After 25 years, Tigard, Roseburg players still seek perspective on much-debated football final (2023)

As the final seconds ticked off the clock of the 1990 Class 4A football championship game, Tigard quarterback Danny McGinley didn't know how to feel.

He certainly wasn't jubilant. He wasn't quite disappointed. More than anything, McGinley – like many of his Tigard teammates and Roseburg opponents – was dumbfounded.

"People were a little dazed and confused," McGinley said. "It was more a sense of, 'What just happened?'"

"It was kind of like a stunned feeling," Tigard running back Jeremy Asher recalls. "More of a shock of, 'What's going on?'"

Twenty-five years later, McGinley, Asher and others involved in the 1990 final still are seeking perspective on one of the most controversial and debated finishes in Oregon high school football history.

When McGinley threw a 23-yard touchdown pass to Jacob Johnson with four seconds left, and Johnson kicked the extra point to tie the game at 14-14, many of the players and fans – and maybe even some coaches -- believed the game was headed to a Kansas Plan overtime at Civic Stadium.

What many didn't know was that the OSAA did not allow for overtime in football championship games. Hence, for the 16th and last time in a state football final, the teams shared the title. Tigard and Roseburg were co-champions.

"All over the world, I've randomly come across people who are from Oregon, and they remember that team and that game," said Scott Herron, Tigard's center that day. "And it always comes down to the question: 'Why didn't you go for two?' I've just met you, I'm a thousand miles away, in the middle of the Pacific Ocean, and somebody asks me, 'Why didn't you go for two?'"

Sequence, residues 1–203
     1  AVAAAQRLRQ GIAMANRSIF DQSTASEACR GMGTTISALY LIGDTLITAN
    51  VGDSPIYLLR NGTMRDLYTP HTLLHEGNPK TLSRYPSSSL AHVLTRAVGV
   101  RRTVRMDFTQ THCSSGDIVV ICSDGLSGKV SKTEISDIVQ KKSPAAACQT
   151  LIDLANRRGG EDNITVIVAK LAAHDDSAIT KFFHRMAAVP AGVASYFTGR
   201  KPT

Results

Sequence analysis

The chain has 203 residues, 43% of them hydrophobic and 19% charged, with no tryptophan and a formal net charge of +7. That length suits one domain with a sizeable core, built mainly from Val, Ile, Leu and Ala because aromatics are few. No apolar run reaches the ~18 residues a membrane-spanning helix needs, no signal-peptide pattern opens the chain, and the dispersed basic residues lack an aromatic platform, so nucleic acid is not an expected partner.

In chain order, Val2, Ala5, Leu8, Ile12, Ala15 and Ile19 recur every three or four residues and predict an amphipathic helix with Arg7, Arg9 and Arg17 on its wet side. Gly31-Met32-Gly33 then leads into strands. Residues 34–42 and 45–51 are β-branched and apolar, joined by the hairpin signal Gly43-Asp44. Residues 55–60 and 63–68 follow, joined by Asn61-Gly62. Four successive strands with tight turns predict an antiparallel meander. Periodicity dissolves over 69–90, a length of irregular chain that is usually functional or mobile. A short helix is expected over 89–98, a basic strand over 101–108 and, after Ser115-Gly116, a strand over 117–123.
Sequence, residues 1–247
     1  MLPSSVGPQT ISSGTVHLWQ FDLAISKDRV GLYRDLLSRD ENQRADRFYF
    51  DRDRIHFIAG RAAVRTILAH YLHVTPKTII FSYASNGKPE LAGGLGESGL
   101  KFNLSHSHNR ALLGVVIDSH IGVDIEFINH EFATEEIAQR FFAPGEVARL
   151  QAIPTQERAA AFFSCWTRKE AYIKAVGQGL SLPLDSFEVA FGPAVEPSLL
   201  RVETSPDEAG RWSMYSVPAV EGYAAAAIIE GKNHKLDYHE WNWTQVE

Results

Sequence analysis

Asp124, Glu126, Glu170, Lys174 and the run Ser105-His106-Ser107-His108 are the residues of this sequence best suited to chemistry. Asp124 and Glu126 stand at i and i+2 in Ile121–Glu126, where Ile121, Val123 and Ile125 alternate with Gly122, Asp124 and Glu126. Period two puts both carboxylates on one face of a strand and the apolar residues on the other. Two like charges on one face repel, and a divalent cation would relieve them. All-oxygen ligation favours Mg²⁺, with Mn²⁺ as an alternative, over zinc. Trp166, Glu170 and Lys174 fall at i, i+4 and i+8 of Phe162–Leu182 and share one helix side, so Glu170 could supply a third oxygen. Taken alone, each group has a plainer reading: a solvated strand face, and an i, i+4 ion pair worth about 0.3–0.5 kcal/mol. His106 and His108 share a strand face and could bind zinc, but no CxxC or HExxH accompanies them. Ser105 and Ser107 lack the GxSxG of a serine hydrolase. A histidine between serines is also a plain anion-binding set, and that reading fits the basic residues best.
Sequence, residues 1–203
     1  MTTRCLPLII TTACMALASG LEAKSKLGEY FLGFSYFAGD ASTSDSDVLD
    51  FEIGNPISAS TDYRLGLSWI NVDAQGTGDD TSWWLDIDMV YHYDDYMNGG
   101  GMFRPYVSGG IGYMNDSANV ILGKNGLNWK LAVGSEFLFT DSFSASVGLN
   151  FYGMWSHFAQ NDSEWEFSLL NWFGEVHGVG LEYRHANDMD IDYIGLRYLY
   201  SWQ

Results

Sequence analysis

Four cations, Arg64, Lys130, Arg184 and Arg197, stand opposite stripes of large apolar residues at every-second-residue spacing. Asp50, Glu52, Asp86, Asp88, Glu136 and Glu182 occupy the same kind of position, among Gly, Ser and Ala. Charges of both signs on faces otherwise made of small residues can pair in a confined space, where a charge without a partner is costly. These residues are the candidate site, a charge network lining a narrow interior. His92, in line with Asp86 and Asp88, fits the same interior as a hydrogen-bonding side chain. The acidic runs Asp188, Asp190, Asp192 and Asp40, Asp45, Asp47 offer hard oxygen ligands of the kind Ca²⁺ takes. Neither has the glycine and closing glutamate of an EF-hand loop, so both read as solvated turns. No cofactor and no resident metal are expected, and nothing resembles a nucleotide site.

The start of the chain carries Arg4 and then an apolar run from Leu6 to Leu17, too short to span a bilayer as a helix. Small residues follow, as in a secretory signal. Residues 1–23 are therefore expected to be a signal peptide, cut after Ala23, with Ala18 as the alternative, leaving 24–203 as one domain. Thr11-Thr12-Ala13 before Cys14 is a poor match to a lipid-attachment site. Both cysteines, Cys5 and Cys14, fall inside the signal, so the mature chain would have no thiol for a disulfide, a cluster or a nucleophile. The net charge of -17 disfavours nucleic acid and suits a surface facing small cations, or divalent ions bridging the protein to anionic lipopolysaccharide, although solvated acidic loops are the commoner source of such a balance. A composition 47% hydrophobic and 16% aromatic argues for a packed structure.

After driving 67 yards in the final minute, Tigard initially felt fortunate to escape with a tie. A photo in The Oregonian from the postgame ceremony showed a beaming Tigard coach Craig Hastin and a sullen Roseburg coach Thurman Bell with their hands on the trophy.

Shortly after the game, though, the co-title began to sink in for the Tigers.

"Riding the bus back, it was pretty somber," Johnson remembers. "It wasn't like anybody was really excited that, 'Hey, we just won a state championship.' It was almost like we lost. Until we got back to Tigard, and there was like a parade. Going down Highway 99, it was kind of like, 'Whoa, do you guys know we didn't win?'"

Roseburg was less than euphoric, too, especially considering the team had finished as state runner-up the three previous seasons.

"Most people on the Roseburg side felt like we lost," said Matt Nelson, a defensive lineman for Roseburg. "There was a lot of crying in the locker room, I can tell you that. It seemed like we had it won."

In 1997, the Class 4A final nearly had the same outcome before McNary kicked a late field goal to beat Beaverton 51-48. That prompted the OSAA to change the rule in Sept. 1998, and a few months later, Ashland beat Roseburg 29-23 in overtime to win the Class 4A title.

For Roseburg coach Thurman Bell, the loss was easier to take than the tie with Tigard.

"You have to (play overtime)," Bell said after the loss to Ashland. "That's the only way, as much as it hurts right now."

The 1990 final stands as the only tie in the distinguished 45-year career of Bell, who retired after this season with 331 wins. Officially, he won four state titles, but he has only three championship rings.

"That's the one I didn't keep the ring from," Bell said. "It's one of those ballgames that stays with you. Do you have three state championships or do you have four? You can't say you have 3 ½, can you?"


No. 2 Roseburg vs. No. 5 Tigard turned out to be a classic finals matchup.

Tigard had three Pacific-10 Conference players in safety Johnson (Oregon) and linebackers Asher (Oregon) and Jason Paloma (Oregon State), as well as defensive back Mike Kinkade, who won a gold medal with USA Baseball and briefly played in the majors with the Mets and Orioles.

Roseburg had two of the state's best players in running back Greg Fogle and linebacker Rich Ruhl, both of whom went on to play at Oregon.

Tigard had never won a title. Roseburg won it in 1961 and under Bell in 1981, but the team had grown frustrated after three consecutive runner-up finishes.

Tigard took a 7-6 lead on one-yard run by McGinley and Johnson's kick with 2:33 left. But when Roseburg pulled ahead 14-7 on an eight-yard touchdown pass from Todd Black to Tate Muir and a two-point conversion run by Fogle with 48 seconds remaining, its players and fans erupted in celebration as a title seemed imminent.